By Antonella Napolitano
When Deerpath was formed back in 2007 with the purpose of investing in privately negotiated senior loans to companies in the US lower middle market, direct lending was considered a new and niche asset class for investors. While the U.S. private equity market had been well established, even within the lower end of the middle market (companies sized between $5 million and $15 million of EBITDA), these buyouts were financed using a combination of senior bank debt and subordinated debt, funded by mostly mezzanine players. At that time, you would not see a dedicated allocation to direct lending in any large institutional investor’s portfolio. Times have changed.
After the 2008 financial crisis, commercial banks reduced their capacity to originate and hold large amounts of leveraged loans to middle market companies due to new stringent regulations imposed on them. Out of this arose an immense opportunity for private direct lenders who were keen to provide financing to support companies and not burdened by the same regulatory constraints in the post-financial crisis investment world.
Direct lending had emerged as the perfect “fix” to fill the void in the loan market.
Investors viewed the direct lending market as an attractive asset class which generated solid risk adjusted returns with high and predicable current income and lower volatility compared to other similar fixed income alternatives.
Over time, competition in the direct lending market intensified as managers amassed larger and larger amounts of capital to deploy predominantly within the “core” middle market (companies with EBITDA over $15 million). What was the result and how are investors being affected?
As private equity sponsors are being forced to pay all-time high valuations to buy companies, they are, in turn, asking their lenders to stretch on leverage (more risk!) but also to reduce pricing (less return!).
The so-called “Race to the Bottom” is now in full effect.
The current direct lending market is showing very clear signs of investment discipline deterioration:
- Senior “stretch” structures – meaningful exposure to second lien, “last-out”, etc.;
- Elevated leverage levels –5.5x or more senior debt/EBITDA, which includes aggressive EBITDA addbacks masking what are likely even higher leverage levels!;
- Weak covenants – “covenant light” or wide margins against covenants, making the value of covenants pretty worthless; and
- “Accordion” draw features, allowing the borrower to draw more money without lender permission.
Worse, despite the added risk, yields are being squeezed. The core middle market has become a 6.0%-6.5% yielding market. But, investors are shrewd!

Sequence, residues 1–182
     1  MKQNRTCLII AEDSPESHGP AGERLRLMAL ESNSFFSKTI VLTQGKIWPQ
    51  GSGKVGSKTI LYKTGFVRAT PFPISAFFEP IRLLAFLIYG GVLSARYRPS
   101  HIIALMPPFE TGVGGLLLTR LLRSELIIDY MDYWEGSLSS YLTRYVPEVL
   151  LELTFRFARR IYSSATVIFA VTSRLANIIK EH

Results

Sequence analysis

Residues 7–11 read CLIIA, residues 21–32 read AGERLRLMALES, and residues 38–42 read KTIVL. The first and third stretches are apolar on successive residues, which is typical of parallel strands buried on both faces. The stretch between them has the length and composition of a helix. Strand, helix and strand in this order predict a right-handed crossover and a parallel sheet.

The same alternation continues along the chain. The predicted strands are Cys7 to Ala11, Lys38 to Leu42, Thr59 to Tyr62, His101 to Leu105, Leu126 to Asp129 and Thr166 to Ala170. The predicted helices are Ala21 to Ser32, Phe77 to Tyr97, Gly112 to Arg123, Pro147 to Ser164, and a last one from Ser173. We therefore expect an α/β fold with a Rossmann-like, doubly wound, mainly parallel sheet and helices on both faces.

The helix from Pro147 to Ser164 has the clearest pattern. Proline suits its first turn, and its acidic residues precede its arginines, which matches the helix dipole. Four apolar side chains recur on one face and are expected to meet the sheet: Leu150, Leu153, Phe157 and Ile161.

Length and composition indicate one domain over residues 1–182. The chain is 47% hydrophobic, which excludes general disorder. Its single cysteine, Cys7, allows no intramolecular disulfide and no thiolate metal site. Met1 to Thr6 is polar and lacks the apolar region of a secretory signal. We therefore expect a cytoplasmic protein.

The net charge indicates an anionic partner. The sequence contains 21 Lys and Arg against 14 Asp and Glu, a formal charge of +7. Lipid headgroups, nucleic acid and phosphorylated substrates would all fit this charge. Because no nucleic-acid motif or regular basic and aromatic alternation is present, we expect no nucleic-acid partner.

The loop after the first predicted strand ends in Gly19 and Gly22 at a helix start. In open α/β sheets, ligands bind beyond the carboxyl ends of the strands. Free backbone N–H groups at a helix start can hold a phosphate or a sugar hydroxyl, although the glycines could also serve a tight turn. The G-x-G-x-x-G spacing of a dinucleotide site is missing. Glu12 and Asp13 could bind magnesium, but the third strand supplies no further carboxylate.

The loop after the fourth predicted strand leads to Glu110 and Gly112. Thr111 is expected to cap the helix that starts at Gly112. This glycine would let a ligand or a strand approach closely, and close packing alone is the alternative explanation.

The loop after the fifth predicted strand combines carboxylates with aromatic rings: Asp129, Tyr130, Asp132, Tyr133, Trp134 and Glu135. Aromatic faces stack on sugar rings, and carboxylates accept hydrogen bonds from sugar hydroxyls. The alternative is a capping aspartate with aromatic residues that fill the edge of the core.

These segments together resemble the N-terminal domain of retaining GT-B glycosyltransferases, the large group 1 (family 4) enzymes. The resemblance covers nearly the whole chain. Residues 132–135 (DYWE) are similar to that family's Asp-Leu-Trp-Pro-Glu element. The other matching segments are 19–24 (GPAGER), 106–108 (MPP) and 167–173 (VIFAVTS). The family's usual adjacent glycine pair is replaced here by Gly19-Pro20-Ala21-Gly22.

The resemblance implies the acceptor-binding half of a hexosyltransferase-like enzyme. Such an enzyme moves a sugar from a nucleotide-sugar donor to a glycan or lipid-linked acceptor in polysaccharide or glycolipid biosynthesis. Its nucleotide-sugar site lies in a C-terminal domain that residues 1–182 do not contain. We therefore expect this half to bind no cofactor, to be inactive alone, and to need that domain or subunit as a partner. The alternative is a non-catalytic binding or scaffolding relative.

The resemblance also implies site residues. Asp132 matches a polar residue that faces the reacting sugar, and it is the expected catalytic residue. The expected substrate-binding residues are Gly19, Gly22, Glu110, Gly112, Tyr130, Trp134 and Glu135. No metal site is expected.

They no longer look at the pure play US direct lending market as one harmonized market, but as separate and distinct markets with different opportunity sets. Many investors are now looking to the lower end of the middle market to invest, where there is reduced competition, lower leverage multiples and more substantial loan protections compared to the larger loan market. What is the opportunity size at the lower end of the middle market?
In the US, the lower end of the private equity middle market is large and well-established with a large need for senior debt financing. Each year sees around 900 private equity deals with approximately $30 billion of enterprise value, requiring approximately $15 billion senior debt financing. For lenders in this market, there is a far more attractive balance of supply and demand.
Lenders is this market can compete effectively in a much less crowded market segment that offers attractive economics and superior structural protections that aren’t available in other segments of the middle market that are over-stretched by excessive competition (higher pricing, lower leverage levels and a full set of covenants).
Many investors fear that we are at the end of the credit cycle and a recession, whether big or small, is in the not-so-distant future. We agree.
We believe that during the next economic downturn, there will be a clear distinction between lenders who played it safe during the more prosperous times and have a portfolio of “true” senior loans in high-quality businesses, with conservative credit metrics and a full set of protections, versus those who over-stretched in pursuit of yield. Lenders that hold their standards high on credit quality will be well positioned when the credit cycle turns.
This article was originally published as part of Lido Consulting’s Summer 2019 newsletter.
Managing Director Global Head of Investor Relations & Business Development Deerpath Capital Management, LP
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